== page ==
Voting from Indonesia

We strongly encourage all eligible voters to request your ballot so you can vote in the primaries and the general election for Congress and Senate on Tuesday, Nov 8, 2016. Remember that your vote CAN BE THE DECIDING VOTE.

Note that in order to vote this year you must request your ballot THIS YEAR, by filing an FPCA (Federal Post Card Application) form -- doing so in a previous year does not count -- to ensure your vote will be counted in this year's elections. Even if you have already received your ballot from your election official!!.

But voting from here is a very simple process now, thanks to recent voting law changes and some very helpful websites that do most of the work for you. There's just 2 basic steps, so see below. If you've already completed the first part and you're ready to cast your ballot go here.

[We'll be adding more voting info here as elections near to ensure you are able to easily navigate the voting from abroad process -- stay tuned, or better yet -- sign up for our email bulletins]

1. Start the Voting Process:
Requesting Your Ballot with an FPCA
(Federal Post Card Application)

If you're ready to fill out the form to request your ballot, just click here -- the website will do the work for you.
. But if you have some questions first, read on:

  • Is voting from here really worthwhile? Yes. There are more than 6 million Americans living overseas, more than the population of 34 states! Remember some recent elections, e.g. Al Franken won his Senate seat in Minnesota by 312 votes, and the 537 votes in Florida that sent George Bush to the White House in 2000?

  • Is my vote really counted? Yes. By law, every properly executed absentee ballot must be counted before a final vote count can be certified.

  • Do I really need to file an FPCA this year, even if my election official sent me ...?
  • Will voting cause me tax troubles?
  • Can I vote from here?
  • I still have a US residence and will be back in the US at election time, so ...
  • Is voting from here complex?
  • But what state/county do I vote in?
  • When do I need to do all this?
  • What info do I need in order to fill out the voting forms?
  • What's the best way to have my ballot sent to me?
  • Can I use my smart phone to do this?
  • Afterwards can I verify that I am really properly registered?
  • What's the best way to send my completed FPCA?

OK? If you still have some questions you might see here for some myths about voting from abroad and here for some facts or see this excellent 2010 video. Or if you're still perplexed about something, contact us and we'll get back with you.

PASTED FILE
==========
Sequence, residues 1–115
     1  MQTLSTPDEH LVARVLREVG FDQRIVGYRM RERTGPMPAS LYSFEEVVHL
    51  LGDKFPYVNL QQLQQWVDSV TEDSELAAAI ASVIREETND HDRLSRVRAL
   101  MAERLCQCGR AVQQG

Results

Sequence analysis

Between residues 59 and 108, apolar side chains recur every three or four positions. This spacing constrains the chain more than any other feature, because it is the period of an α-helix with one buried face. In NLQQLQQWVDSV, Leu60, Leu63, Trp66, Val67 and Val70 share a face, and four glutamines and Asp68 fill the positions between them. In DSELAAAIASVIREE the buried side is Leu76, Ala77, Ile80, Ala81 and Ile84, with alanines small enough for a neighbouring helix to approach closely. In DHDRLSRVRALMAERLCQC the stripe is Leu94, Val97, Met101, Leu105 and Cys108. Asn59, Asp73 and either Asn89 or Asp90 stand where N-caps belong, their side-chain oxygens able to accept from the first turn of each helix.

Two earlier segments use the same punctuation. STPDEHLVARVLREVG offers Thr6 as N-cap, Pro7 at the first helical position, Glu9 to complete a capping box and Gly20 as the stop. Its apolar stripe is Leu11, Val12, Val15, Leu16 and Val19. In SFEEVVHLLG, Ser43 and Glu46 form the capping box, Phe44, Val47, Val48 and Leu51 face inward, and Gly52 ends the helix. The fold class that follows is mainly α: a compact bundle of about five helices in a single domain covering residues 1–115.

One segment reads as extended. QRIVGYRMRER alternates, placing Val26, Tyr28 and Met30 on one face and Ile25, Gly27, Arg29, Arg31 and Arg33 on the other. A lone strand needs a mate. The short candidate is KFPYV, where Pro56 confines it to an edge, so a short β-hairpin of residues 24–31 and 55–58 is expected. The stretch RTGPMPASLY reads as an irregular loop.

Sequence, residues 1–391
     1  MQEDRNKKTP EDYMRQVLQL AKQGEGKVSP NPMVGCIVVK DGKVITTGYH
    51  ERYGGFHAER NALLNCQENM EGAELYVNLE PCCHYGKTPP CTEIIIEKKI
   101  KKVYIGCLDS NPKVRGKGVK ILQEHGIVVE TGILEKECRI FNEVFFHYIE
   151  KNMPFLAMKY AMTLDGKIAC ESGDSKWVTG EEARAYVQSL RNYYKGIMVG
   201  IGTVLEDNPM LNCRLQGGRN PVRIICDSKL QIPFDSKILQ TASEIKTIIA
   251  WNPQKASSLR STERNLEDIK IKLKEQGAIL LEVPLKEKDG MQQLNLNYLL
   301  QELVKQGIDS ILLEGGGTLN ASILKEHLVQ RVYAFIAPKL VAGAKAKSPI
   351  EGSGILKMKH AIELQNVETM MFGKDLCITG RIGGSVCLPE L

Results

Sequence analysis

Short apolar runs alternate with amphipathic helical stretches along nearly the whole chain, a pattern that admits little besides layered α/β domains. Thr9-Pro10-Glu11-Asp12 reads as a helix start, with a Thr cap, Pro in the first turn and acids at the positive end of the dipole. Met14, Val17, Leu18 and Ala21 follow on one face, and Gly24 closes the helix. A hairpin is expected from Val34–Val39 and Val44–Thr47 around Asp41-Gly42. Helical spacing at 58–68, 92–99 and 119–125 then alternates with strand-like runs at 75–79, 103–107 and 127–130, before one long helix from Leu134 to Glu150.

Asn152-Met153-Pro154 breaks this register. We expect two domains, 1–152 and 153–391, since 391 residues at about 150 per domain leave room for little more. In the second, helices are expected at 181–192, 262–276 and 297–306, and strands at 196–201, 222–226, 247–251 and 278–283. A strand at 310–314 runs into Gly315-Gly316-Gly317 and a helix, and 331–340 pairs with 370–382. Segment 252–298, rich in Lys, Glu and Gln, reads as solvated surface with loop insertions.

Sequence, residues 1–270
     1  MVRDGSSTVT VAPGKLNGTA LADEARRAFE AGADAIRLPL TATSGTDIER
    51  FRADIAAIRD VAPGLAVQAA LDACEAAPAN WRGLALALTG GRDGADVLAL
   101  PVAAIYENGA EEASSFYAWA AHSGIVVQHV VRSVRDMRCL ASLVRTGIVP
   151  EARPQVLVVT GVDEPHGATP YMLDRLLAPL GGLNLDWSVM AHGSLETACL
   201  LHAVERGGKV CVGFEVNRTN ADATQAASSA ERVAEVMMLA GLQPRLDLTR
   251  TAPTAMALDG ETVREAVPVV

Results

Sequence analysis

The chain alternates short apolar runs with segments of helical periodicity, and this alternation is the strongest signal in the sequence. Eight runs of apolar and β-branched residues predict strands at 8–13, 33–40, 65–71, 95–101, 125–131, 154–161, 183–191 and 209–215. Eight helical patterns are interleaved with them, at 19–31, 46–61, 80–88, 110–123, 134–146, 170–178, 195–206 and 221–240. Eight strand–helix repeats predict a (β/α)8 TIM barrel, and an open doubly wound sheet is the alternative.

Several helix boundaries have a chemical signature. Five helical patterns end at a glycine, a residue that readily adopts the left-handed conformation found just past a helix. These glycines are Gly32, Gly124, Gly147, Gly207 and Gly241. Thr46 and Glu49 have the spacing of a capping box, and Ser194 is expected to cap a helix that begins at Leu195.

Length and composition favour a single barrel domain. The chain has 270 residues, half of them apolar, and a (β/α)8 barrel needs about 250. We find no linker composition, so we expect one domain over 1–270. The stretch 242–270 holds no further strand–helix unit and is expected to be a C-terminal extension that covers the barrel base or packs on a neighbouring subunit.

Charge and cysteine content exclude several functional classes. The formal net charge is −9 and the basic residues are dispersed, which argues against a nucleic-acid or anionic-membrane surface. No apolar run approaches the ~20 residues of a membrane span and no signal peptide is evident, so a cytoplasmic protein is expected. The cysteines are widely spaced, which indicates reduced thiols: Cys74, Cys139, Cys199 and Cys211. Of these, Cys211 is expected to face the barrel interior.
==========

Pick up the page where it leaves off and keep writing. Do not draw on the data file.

VoteFromAbroad.orgOtherwise now just go to and in 5-10 minutes, you'll have your completed FPCA (Federal Post Card Application) all ready to be signed, dated, and mailed in per the instructions. Then you're all set!

2. Casting Your Ballot

If you've properly requested your ballot as per above, you should receive a ballot from your election official about 45 days before any election this year. Fill it out and return it being sure to follow instructions carefully.

If you don't receive your ballot by 20-30 days before the election, you should fill out a FWAB (Federal Write-In Absentee Ballot), again easily done at in a few minutes, fill it in, sign and date it, and mail it back per instructions.

And if you have questions:

  • When are elections that I can vote in?
  • What do I do if I do not get my ballot?
  • Where can I get info on candidates and issues on my ballot?
  • What's the best way to return my ballot?

If you still have some questions you might see this excellent 2010 video. Or if you're still perplexed about something, contact us and we'll get back with you.

3. Now What?

Pat yourself on the back for doing your part in our democracy -- this is a vital step that each of us should take.  If this helped you, please consider telling any other American you know here about us -- just click the little email envelope button in the upper right below the Borobodur statue.  Do note that many elections are won by just a handful of votes., so your vote is important.  Remember the 2000 presidential election and the 2008 nip and tuck battle that Senator Al Franken of Minnesota won by a handful of votes.   So be sure you complete the voting process and encourage other Americans here to vote also -- we'll help make the process painless.


Below are some important voting-related websites that you might find useful.

And we are ready to help with any voting questions you may have -- use our Contact form and direct it to Voting and we'll get back to you.

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